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3 Ways to Thrive During the Darkest Months

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Daylight savings time in the fall kicks off the darkest months of the year. As a family medicine doctor, this is the time of year many of my patients come to me feeling tired, unmotivated and a bit blue.

Fortunately, there are plenty of things that can be done to keep spirits up during the coming shorter days and longer nights.

Here are the top three I share with my patients.

1. Stay social.

When the sun sets at 5 pm, leaving your house is probably the last thing you feel like doing. But, staying connected to people has a huge impact on your mental health.

  • Find ways to fit this into your daily schedule, like going on a lunch walk with a coworker or sharing a meal.
  • Have some holiday fun by making a list of festive activities you’d like to do this season. Then, pick a few friends to do them with and put on the calendar.
  • Those who recently moved here are at higher risk for the winter blues, since Duluth is at a higher line of latitude than many are used to. If you know someone who’s new to the area, reach out to see how they’re doing.
     

2. Move your body.

Aim to get 30 minutes of physical activity in every day. This is great for your physical and mental health. Studies also show that regular exercise helps you sleep at night, which is incredibly important for your wellbeing.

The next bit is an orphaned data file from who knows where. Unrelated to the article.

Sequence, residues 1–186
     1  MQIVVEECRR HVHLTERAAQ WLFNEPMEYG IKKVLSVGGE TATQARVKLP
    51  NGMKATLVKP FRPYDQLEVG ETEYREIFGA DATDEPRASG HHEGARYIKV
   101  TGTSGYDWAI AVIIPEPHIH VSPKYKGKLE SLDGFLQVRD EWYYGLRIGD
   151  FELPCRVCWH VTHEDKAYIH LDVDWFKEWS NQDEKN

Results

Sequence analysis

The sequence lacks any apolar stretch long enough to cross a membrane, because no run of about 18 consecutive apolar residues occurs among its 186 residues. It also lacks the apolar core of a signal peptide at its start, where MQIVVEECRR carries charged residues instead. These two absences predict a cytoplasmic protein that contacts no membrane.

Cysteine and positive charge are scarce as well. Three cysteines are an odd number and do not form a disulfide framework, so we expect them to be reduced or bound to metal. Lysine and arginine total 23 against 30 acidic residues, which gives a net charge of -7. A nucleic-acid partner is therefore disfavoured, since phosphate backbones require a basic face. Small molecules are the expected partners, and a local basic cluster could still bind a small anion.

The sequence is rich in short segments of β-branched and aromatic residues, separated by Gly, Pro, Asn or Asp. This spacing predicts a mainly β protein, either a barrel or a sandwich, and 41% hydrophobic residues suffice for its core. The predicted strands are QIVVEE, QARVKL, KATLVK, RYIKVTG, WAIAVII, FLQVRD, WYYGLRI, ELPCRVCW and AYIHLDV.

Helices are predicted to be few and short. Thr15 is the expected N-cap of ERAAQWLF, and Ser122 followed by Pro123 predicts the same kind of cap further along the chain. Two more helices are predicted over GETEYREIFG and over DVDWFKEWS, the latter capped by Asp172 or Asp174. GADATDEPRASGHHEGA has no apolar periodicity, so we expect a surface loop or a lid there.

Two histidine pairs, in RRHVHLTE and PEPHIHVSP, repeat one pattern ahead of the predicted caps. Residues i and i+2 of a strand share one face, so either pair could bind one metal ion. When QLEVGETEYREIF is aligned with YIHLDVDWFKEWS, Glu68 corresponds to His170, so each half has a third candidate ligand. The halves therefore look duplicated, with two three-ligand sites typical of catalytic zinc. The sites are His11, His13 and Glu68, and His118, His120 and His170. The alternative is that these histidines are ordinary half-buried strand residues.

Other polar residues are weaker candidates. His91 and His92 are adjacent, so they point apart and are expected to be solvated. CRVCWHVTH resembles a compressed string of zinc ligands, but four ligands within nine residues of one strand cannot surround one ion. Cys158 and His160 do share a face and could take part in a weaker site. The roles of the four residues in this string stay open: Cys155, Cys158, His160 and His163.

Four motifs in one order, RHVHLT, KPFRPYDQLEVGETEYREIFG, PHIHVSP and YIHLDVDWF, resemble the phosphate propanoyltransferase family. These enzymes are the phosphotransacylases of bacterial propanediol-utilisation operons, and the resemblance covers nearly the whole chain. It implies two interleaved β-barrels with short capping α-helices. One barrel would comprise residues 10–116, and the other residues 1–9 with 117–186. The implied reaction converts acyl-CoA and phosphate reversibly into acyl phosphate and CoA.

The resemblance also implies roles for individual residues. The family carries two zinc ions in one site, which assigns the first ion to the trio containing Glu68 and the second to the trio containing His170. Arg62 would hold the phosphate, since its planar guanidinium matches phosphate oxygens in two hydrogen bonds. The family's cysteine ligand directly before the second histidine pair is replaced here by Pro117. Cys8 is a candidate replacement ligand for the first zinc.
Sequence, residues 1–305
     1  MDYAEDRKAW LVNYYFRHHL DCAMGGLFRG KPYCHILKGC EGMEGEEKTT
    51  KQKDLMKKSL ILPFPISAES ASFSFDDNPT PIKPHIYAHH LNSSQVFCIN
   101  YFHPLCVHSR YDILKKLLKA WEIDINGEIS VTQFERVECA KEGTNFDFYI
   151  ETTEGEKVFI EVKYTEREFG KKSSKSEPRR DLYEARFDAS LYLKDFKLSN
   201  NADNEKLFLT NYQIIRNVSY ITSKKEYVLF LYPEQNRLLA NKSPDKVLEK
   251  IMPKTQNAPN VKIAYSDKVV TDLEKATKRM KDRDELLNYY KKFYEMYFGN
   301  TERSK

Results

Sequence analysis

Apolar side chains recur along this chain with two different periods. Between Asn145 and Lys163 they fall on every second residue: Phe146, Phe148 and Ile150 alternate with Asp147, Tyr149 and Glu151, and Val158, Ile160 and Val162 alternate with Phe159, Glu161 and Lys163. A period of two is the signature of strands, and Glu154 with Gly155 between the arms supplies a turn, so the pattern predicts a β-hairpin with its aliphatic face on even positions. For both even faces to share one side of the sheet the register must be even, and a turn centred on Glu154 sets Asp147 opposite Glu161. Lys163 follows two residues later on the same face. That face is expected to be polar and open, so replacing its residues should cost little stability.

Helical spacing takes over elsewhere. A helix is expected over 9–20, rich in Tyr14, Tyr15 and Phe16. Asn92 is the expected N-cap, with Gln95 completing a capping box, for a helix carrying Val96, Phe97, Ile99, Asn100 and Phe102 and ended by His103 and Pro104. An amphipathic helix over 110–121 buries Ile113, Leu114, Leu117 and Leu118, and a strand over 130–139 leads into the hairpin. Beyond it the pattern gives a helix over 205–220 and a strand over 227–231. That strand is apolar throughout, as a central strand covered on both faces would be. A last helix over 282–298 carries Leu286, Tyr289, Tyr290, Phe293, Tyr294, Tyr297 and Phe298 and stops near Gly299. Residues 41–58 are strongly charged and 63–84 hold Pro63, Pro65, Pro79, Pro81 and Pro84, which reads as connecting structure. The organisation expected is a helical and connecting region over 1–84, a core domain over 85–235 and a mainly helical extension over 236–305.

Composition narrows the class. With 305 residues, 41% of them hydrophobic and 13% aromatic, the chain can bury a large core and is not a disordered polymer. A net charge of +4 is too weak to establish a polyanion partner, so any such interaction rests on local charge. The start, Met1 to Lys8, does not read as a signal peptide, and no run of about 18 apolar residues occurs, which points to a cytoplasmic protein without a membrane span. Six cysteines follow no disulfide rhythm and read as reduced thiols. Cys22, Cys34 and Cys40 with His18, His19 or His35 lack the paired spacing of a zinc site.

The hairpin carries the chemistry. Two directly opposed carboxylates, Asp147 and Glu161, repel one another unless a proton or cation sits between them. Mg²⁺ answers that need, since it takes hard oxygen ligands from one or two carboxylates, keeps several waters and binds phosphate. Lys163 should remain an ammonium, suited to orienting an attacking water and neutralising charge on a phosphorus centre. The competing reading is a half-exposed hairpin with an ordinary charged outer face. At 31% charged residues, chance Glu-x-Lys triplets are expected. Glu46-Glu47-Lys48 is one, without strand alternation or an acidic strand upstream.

• Is there a winter activity you love or have always wanted to try, like snowshoeing, cross-country skiing or ice skating? Make it a priority this season.
  • Keep it simple and take a brisk walk around your neighborhood.
  • If you don’t want to brave the cold, find an exercise video online or do a few laps at the mall.
     

3. Soak up some light.

Bright light encourages your body to produce hormones that help you wake up and stay alert. That’s why in the winter months, the decrease in bright light can leave you feeling tired. Find a way to get the light you need.

  • Get outside at least 15 minutes a day, around the noon hour when the sun is brightest. Even if it’s an overcast day!
  • Invest in a light therapy lamp and use it every morning for 20-30 minutes. Just make sure its 10,000 lux and is labeled UV-free.
  • Try a dawn simulator light. These gradually turn on to help you wake up.

These are all great ways to stay healthy during the upcoming months. However, if you ever feel like your mood is affecting your relationships or your performance at work, talk to your primary care provider. If you don’t have a primary care provider, establish care at St. Luke’s by calling 218.249.4000 or request an appointment online.

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